Across a broad swath of the political spectrum–including just about everyone, really, except the far Left, slavish Obamaphiles and the sinister Ron Paul–a consensus has developed that Barack Obama was wrong-footed by the Iranian election and the ensuing revolt in that country. True, Obama’s most devoted followers are still covering for him, like the Associated Press: “Obama holds to measured course on unrest in Iran.” But most Americans think that Obama has let us, and freedom-loving Iranians, down.
Charles Krauthammer issued the most stinging critique I’ve seen so far. You should read it all; here are a few excerpts:
Millions of Iranians take to the streets to defy a theocratic dictatorship that, among its other finer qualities, is a self-declared enemy of America and the tolerance and liberties it represents. The demonstrators are fighting on their own, but they await just a word that America is on their side.
And what do they hear from the president of the United States? Silence. Then, worse. Three days in, the president makes clear his policy: continued “dialogue” with their clerical masters. …
[T]his incipient revolution is no longer about the election. Obama totally misses the point. The election allowed the political space and provided the spark for the eruption of anti-regime fervor that has been simmering for years and awaiting its moment. But people aren’t dying in the street because they want a recount of hanging chads in suburban Isfahan. They want to bring down the tyrannical, misogynist, corrupt theocracy that has imposed itself with the very baton-wielding goons that today attack the demonstrators.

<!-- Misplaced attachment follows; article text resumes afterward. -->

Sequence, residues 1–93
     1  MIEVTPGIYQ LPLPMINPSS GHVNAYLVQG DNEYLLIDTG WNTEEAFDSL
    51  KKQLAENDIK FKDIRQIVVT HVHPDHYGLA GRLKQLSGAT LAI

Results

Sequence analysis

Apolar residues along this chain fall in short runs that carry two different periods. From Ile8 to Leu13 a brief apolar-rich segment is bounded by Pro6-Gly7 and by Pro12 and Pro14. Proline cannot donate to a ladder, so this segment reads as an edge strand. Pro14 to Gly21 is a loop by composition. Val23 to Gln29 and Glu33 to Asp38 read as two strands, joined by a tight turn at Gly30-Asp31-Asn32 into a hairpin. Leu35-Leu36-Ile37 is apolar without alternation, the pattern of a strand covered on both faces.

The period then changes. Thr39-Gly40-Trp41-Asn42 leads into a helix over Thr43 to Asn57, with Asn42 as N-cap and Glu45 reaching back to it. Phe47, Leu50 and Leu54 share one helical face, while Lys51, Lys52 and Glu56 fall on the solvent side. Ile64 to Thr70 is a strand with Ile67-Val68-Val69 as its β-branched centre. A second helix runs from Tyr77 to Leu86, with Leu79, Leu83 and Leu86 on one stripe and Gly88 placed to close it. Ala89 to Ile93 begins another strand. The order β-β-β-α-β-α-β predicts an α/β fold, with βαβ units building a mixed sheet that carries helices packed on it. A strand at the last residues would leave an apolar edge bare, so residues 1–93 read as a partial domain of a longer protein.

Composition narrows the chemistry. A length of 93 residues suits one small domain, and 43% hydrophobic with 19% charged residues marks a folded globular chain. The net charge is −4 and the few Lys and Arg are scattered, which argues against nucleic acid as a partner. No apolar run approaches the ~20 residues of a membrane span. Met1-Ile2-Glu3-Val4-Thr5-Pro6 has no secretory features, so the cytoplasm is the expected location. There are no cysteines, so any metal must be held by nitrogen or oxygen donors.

This started out about election fraud. But like all revolutions, it has far outgrown its origins. What’s at stake now is the very legitimacy of this regime — and the future of the entire Middle East.
This revolution will end either as a Tiananmen (a hot Tiananmen with massive and bloody repression or a cold Tiananmen with a finer mix of brutality and co-optation) or as a true revolution that brings down the Islamic Republic.
The latter is improbable but, for the first time in 30 years, not impossible. Imagine the repercussions. It would mark a decisive blow to Islamist radicalism, of which Iran today is not just standard-bearer and model, but financier and arms supplier. It would do to Islamism what the collapse of the Soviet Union did to communism — leave it forever spent and discredited. …
All hangs in the balance. The Khamenei regime is deciding whether to do a Tiananmen. And what side is the Obama administration taking? None. …
Each new day brings reminders that it shouldn’t be difficult to choose between the thugs who rule Iran and their subjects. This video, filmed yesterday, shows radical militia beating up a woman protester:
It is interesting to consider why Obama is so hapless in this crisis, potentially the best opportunity for peace and progress in the Middle East for a generation. There are several possible explanations:
1) America is or has been evil, so it should do little or nothing in the world. This is a plausible theory that takes into account Obama’s friendship with Jeremiah Wright and Bill Ayers and his distressing tendency to apologize whenever he stands in front of a foreign audience. It may well be that Obama’s preferred version of America’s role in the world is one of sheer paralysis: inaction masquerading as virtue.